Yan, aka: Yaṅ, Yañ, Yaṇ; 2 Definition(s)


Yan means something in Hinduism, Sanskrit. If you want to know the exact meaning, history, etymology or English translation of this term then check out the descriptions on this page. Add your comment or reference to a book if you want to contribute to this summary article.

In Hinduism

Vyakarana (Sanskrit grammar)

[Yan in Vyakarana glossaries]

Yaṅ (यङ्).—See य (ya) (l2) and (13) above.

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Yañ (यञ्).—(l) short term (प्रत्याहार (pratyāhāra)) formed by the letter य (ya) of हयवरट् (hayavaraṭ) and the mute letter ञ् (ñ) of इभञ् (ibhañ) including serni-vowels and the third and the fourth consonants excepting घ्, ढ् (gh, ḍh) and ध् (dh) of the five consonant groups: cf. अतो दीर्घो यञि (ato dīrgho yañi) P. VII. 3. 10l ; (2) tad. affix added (a) in the sense of गोत्र (gotra) (grand-children and their descendants) to words of the गर्ग (garga) class and some other words under specific conditions, e.g. गार्ग्यः वात्स्यः, काप्यः (gārgyaḥ vātsyaḥ, kāpyaḥ) etc., cf. गर्गादिभ्यो यञ् (gargādibhyo yañ) and the following P.IV. 1. 105-108: (b) in the sense of collection to केदार, गणिका, केश (kedāra, gaṇikā, keśa) and अश्व (aśva), cf. P.IV.2.40 and the Varttika.thereon and IV. 2.48; (c) in the Saisika senses to the word द्वीप (dvīpa), cf. P.IV.3.10: (d) to the word कंसीय (kaṃsīya) e. g. कांस्यम् (kāṃsyam) cf. P.IV.3.168, and (e) to the words अभिजित्, विदभृत् (abhijit, vidabhṛt) and others when they have the tad. affix अण् (aṇ) added to them : e.g. आभजित्यः (ābhajityaḥ) cf. P. V. 3. 118.

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Yaṇ (यण्).—A brief term for letters य्, व्, र् (y, v, r) and ल् (l)i.e. the semi-vowels;cf. इको यणदि (iko yaṇadi) P. VI. I. 77; cf. also I. 1.45 and VI. 4. 81.

(Source): Wikisource: A dictionary of Sanskrit grammar
context information

Vyakarana (व्याकरण, vyākaraṇa) refers to Sanskrit grammar and represents one of the six additional sciences (vedanga) to be studied along with the Vedas. Vyakarana concerns itself with the rules of Sanskrit grammar and linguistic analysis in order to establish the correct context of words and sentences.

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Languages of India and abroad

Sanskrit-English dictionary

[Yan in Sanskrit glossaries]

Yaṅ (यङ्).—A term for the sign of the Frequentative.

(Source): DDSA: The practical Sanskrit-English dictionary
context information

Sanskrit, also spelled संस्कृतम् (saṃskṛtam), is an ancient language of India commonly seen as the grandmother of the Indo-European language family. Closely allied with Prakrit and Pali, Sanskrit is more exhaustive in both grammar and terms and has the most extensive collection of literature in the world, greatly surpassing its sister-languages Greek and Latin.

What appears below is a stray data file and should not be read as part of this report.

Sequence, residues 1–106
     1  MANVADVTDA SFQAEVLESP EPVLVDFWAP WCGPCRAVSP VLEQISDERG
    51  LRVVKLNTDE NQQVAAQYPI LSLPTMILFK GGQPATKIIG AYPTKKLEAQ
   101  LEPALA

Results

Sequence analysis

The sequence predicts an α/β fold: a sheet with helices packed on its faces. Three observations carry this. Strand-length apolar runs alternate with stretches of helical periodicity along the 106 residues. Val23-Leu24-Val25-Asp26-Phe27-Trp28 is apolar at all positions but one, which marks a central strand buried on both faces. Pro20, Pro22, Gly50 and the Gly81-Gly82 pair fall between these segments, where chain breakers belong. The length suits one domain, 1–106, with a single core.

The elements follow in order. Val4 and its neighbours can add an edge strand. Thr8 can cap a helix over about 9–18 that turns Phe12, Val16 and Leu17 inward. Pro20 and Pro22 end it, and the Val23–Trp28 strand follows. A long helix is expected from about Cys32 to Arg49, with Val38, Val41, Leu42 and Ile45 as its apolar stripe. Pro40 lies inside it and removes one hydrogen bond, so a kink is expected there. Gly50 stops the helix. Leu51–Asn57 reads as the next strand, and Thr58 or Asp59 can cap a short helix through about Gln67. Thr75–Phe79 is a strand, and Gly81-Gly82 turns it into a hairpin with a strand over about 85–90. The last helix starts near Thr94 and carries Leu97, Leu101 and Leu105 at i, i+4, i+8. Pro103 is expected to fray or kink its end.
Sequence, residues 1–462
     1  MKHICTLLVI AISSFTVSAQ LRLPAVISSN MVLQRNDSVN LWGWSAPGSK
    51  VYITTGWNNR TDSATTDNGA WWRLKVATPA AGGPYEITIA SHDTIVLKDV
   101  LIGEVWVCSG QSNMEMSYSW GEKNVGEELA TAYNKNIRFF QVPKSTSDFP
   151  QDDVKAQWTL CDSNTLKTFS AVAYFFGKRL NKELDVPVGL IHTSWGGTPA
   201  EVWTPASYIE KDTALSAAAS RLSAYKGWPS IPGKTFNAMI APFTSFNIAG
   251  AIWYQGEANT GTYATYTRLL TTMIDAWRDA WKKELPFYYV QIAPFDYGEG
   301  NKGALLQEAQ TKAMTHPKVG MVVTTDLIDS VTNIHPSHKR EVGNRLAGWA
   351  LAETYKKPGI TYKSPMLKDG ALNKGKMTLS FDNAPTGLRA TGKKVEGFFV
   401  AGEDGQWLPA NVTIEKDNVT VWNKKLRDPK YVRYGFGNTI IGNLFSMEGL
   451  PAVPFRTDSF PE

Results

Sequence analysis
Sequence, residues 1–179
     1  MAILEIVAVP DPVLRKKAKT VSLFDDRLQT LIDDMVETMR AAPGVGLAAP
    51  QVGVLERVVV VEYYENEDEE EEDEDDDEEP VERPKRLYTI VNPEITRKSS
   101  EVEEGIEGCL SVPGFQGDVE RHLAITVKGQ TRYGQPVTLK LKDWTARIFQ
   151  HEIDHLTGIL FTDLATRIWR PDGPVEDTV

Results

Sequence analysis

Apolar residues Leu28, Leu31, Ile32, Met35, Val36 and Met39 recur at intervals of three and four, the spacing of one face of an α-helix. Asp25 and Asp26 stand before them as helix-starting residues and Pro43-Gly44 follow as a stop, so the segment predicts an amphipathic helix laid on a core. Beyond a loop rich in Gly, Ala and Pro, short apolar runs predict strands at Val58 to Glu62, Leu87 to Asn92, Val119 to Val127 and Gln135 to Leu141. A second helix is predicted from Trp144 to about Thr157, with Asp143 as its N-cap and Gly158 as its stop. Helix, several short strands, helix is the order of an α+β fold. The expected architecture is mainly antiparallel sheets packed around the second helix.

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Relevant definitions

Search found 58 related definition(s) that might help you understand this better. Below you will find the 15 most relevant articles:

Yaṅluk (यङ्लुक्).—the omission of यङ् (yaṅ) i. e. the Paras. frequentative; e. g. बोभवीति (bobh...
Yan Ca
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Ya (य).—This letter means "Yāga", "Yātā" (one who goes) or "hero". (Agni Purāṇa, Chapter 348).
Gotra (गोत्र) or Gotrakarma refers to “status-determining” and represents one of the eight type...
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Jaṅgha (जङ्घ) is a name mentioned in the Mahābhārata (cf. XIII.4.51, XIII.4) and represents on...
Jāṅgala (जाङ्गल).—A country in ancient India. (Mahābhārata Bhīṣma Parva, Chapter 9, Stanza 56).
Uttarakuru (उत्तरकुरु).—A part of the Jambūdvīpa (Island of Jambū). Mention is made in the Mahā...
Kāvya (काव्य, “poetry”).—Ācārya Mammaṭa (in his Kāvyaprakāśa) defines poetry (kāvya) as a combi...
Ḹ (ॡ).—f. A mother, a divine female. -m. Śiva. -f. = [lṛ.] cf. ॡर्महात्मा सुरो बालो भूपः स्तोमः...
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Kāṃsya (कांस्य) or Kāṃsyatāla or Kaṃsa refers to the “sounds of cymbals” and represents one of ...
Ṛ (ऋ).—This letter means "sound". (Agni Purāṇa, Chapter 348).
Pravṛtta (प्रवृत्त).—All religious ceremonies are divided into two classes, Pravṛtta and Nivṛtt...
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